“What is a weekend?” asks the Dowager Countess (played by Maggie Smith) in an early episode of ITV series, Downton Abbey, set in 1912. It is hard for us to imagine but the office based, nine to five, five day working week has only been a reality since the mid 1920s. Along with electricity, the telephone and the motor car, the idea of a regular paid 'job' was a novel concept to Edwardian England.
Scroll forward to 2020 and we are set to see equally big changes. What will the world of work look like seven years from now? We asked five experts to share their 2020 visions:
William Higham, trends forecaster, Next Big Thing: We will see more Smart Workers and Intrapreneurs in the workforce: increasingly self-sufficient, IT-enabled employees who will demand project-based - rather than departmental or discipline-based - tasks and responsibilities. Increased digital 'confidence' will encourage an entrepreneurial spirit outside the office, too. Rather than moonlighting on other jobs without their employers’ knowledge, frustrated employees will take to Sunlighting: working on a business or charity one day a week with the full knowledge and support of their employers. Alongside the growth of marketplace services such as eBay, the rise of 3D printing and other new distribution options will create more Tabletop Tycoons - individuals running businesses from their homes.
Karen Mattison, Founder, Timewise Jobs: We live in an extraordinary age of innovation and possibilities, and are now questioning the boundaries that feel like they have always been there. The modern workplace no longer has a ‘face’ – it could be your bedroom, the garden shed, or a coffee shop. The colleagues that you work with day-to-day could be in Peru, India or Sweden. You could have a job of senior responsibility – and work three days a week. The 2020 workplace will see employers offering flexibility as standard practice, even in roles of high responsibility, and this is something all employees – male or female, young or old - will expect, not simply to fit with family but to enjoy a true work life balance.
David Terrar, cloud computing expert, D2C: We have three technology disruptions happening simultaneously - and this has never happened before. The shift to Cloud solutions or web based apps is happening at the same time as the shift to mobile and the shift to social. At the same time, more everyday devices will have sensors and radio tags and connections – creating what’s known as 'The Internet of Things' - so everything will become linked to the web, providing intelligence and automating a number of our work and life processes. Much of the 2020 workforce will be contract or freelance, with people working for many different companies during their careers. Organisations will use hybrid workgroups from all over the world and businesses will be able to expand and contract more easily. Although the workspace will be increasingly virtual, some organisations will look to the way companies like Google or Pixar have organised physical space to encourage team and cross departmental interaction, with more creative thought and idea generation. There will be a pull between these two approaches (virtual versus physical), but successful organisations will manage to embrace both.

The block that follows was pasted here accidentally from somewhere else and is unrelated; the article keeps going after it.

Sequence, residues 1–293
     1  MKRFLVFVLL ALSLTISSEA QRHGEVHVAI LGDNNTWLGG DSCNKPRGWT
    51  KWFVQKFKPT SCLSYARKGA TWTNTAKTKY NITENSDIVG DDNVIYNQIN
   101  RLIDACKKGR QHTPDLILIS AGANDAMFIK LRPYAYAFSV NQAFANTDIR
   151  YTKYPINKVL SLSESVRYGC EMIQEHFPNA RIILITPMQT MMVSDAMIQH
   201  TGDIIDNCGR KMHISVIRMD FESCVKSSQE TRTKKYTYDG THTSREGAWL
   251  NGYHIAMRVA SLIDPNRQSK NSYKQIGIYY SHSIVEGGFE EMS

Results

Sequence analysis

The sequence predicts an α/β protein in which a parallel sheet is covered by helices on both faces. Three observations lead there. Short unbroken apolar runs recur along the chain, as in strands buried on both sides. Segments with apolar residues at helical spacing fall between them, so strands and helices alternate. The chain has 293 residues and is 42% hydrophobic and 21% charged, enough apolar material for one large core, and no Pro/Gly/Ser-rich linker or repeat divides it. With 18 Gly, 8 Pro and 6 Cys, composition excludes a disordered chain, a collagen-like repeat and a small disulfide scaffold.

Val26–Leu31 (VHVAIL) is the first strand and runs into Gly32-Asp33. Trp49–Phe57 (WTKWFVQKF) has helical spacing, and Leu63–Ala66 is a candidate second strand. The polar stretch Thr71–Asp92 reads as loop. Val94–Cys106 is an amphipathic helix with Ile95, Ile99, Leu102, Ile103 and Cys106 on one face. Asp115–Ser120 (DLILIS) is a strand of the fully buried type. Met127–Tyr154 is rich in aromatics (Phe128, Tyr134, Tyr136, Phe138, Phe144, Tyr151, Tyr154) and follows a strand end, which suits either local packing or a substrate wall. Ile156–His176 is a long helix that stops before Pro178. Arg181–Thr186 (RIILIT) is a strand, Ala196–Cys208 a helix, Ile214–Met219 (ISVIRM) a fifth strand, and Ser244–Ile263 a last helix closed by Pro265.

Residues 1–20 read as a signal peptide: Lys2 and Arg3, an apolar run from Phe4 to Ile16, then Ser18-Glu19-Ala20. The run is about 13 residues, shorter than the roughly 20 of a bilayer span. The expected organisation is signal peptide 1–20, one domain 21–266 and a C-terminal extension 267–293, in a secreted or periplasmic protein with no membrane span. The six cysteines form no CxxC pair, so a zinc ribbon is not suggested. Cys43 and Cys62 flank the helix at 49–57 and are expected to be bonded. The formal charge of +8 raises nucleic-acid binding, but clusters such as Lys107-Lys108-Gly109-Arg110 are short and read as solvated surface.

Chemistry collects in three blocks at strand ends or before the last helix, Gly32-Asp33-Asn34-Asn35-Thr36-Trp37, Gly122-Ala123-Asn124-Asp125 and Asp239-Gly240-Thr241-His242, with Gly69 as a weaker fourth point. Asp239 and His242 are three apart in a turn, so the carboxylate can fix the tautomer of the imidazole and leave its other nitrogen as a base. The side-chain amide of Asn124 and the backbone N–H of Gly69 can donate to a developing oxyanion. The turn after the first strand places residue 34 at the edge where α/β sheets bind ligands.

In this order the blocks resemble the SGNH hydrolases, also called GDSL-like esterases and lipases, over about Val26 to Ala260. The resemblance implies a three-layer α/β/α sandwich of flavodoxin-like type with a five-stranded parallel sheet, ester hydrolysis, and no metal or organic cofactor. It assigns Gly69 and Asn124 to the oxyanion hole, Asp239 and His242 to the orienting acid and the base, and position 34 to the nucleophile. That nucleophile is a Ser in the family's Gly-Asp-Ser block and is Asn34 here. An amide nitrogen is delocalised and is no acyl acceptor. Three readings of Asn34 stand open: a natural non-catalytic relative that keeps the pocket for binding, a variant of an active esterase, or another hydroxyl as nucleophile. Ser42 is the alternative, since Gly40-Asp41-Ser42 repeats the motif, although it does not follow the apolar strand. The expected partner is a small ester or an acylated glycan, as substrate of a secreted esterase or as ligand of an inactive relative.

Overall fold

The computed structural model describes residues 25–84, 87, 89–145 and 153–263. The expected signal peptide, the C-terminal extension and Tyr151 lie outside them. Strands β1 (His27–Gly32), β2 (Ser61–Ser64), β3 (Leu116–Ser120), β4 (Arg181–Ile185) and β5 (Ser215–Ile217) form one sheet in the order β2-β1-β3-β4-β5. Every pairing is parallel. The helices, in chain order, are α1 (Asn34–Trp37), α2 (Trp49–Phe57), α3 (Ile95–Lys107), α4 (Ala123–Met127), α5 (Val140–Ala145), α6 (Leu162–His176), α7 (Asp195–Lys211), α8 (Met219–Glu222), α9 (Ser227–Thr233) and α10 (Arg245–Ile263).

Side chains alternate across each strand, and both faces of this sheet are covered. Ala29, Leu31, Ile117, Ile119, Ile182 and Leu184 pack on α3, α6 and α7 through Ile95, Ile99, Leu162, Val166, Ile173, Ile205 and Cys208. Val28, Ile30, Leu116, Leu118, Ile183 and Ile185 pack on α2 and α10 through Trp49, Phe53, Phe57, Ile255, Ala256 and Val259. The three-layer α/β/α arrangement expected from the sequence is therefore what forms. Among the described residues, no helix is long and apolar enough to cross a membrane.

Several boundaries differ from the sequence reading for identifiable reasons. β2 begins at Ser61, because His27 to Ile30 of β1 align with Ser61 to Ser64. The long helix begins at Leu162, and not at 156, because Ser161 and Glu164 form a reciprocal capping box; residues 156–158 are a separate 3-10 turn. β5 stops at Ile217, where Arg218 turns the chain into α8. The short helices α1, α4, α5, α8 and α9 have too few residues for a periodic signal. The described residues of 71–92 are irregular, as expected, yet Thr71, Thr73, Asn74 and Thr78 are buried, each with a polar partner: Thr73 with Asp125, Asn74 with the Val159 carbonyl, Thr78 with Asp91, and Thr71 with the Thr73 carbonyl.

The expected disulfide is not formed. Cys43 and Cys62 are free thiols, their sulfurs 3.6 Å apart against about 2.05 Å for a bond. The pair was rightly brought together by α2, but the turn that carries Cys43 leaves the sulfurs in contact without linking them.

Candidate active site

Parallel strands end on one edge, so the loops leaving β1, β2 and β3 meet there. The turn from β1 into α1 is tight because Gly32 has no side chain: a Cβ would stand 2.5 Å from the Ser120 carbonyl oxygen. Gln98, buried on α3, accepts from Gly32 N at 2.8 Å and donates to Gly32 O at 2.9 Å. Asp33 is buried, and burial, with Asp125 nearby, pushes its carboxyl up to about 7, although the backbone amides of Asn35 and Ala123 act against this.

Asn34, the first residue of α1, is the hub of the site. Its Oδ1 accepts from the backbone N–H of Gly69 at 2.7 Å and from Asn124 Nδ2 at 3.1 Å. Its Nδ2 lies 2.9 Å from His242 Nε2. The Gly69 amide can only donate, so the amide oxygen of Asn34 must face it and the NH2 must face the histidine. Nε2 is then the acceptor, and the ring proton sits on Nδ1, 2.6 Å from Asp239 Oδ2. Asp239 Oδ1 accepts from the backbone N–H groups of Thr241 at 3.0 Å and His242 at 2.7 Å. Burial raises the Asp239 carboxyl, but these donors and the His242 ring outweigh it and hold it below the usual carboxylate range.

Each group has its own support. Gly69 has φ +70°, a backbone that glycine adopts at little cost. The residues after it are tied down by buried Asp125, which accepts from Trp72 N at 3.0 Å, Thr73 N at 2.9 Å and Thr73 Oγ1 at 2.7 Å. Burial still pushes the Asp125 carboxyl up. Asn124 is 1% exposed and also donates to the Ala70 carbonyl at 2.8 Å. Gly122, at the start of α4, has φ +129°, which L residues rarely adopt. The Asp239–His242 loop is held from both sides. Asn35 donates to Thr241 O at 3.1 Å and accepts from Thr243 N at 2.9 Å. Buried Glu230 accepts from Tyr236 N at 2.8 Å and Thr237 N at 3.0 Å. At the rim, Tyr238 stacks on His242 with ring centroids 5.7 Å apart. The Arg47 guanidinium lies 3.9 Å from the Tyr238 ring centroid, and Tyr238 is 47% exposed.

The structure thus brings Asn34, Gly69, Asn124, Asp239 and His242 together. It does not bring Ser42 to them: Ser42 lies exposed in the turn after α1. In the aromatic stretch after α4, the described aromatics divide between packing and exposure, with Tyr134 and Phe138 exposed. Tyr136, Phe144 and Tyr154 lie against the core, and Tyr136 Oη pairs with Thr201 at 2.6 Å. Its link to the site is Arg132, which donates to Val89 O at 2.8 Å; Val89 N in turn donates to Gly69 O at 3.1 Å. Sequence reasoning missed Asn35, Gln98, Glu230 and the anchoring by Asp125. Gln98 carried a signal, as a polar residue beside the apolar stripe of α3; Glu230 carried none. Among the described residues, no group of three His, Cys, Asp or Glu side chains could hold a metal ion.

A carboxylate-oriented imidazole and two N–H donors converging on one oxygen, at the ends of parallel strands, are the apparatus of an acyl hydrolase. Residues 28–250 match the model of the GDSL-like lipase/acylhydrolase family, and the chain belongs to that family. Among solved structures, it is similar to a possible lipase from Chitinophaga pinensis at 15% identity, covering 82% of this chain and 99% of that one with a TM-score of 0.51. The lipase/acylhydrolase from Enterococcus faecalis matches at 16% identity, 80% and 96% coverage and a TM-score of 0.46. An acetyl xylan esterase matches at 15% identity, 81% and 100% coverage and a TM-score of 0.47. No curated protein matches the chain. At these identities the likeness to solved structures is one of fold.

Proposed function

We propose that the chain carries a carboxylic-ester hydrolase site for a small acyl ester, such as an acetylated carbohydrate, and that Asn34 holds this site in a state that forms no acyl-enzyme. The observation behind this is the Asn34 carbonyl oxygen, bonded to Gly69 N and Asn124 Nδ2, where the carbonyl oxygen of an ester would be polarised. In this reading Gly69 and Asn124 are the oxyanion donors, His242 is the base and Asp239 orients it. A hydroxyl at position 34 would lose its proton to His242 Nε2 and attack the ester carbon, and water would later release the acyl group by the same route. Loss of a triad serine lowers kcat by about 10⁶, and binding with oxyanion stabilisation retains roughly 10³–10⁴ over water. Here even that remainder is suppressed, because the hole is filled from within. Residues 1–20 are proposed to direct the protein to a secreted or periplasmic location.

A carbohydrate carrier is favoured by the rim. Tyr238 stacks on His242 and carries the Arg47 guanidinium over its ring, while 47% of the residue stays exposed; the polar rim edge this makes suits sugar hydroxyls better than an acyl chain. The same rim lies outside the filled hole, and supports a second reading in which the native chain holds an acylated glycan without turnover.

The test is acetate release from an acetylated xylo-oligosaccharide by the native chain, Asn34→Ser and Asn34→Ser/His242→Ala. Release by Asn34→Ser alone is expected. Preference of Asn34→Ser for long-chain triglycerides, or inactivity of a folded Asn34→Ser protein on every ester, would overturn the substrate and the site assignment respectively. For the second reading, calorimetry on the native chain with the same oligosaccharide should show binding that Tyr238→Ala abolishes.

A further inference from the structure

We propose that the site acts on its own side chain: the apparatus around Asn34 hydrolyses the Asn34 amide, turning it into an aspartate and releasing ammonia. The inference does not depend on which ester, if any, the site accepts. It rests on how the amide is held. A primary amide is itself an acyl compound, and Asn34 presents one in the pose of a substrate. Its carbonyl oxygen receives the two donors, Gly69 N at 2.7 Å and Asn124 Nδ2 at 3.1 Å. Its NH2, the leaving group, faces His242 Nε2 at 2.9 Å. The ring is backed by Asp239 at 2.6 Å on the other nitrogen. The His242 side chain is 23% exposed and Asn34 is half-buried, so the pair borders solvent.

Helen Keegan: mobile marketing specialist, Heroes of Mobile: It's hard to predict the future of work, and seven years is not that far away. Seven years ago was 2006. I had moved to a Symbian Smartphone - probably the N70 at the time. I was using the odd app and game and had limited use of mobile web. I had started to use Twitter, LinkedIn and Facebook. Fast forward to 2013 and I'm using an Android smartphone with email, web, games, music, alarm clock, messaging, social networking and more. I'm still using my laptop for 'work' stuff but my media consumption is primarily mobile. By 2020, we'll have devices that are lighter and smarter, with better battery life. We may have broadband connectivity across the whole of the UK. All sectors will be affected in some way by mobile technology - whether it's remote monitoring of our health or checking that our washing machines are working properly. People will need to adapt and learn and not be afraid of technology. It should be seamless and invisible to take the fear away and proper respect should be given to privacy and data. Whether we've worked that all out by 2020, time will tell.
Luis Suarez, Social Software Evangelist, IBM: In the future, work will be more distributed and remote – technology means that people will be able to work from wherever they want to. Work processes will be driven by interactions from workers through networks and communities rather than traditional company hierarchies. Large enterprises will no longer need to exist, because of the nature of the hyper-connected and networked workforce. Trust between workers will be more essential than ever - and critical for success. People will find new meaning and purpose through building strong personal business relationships: the key objective for everyone will be sustainable growth.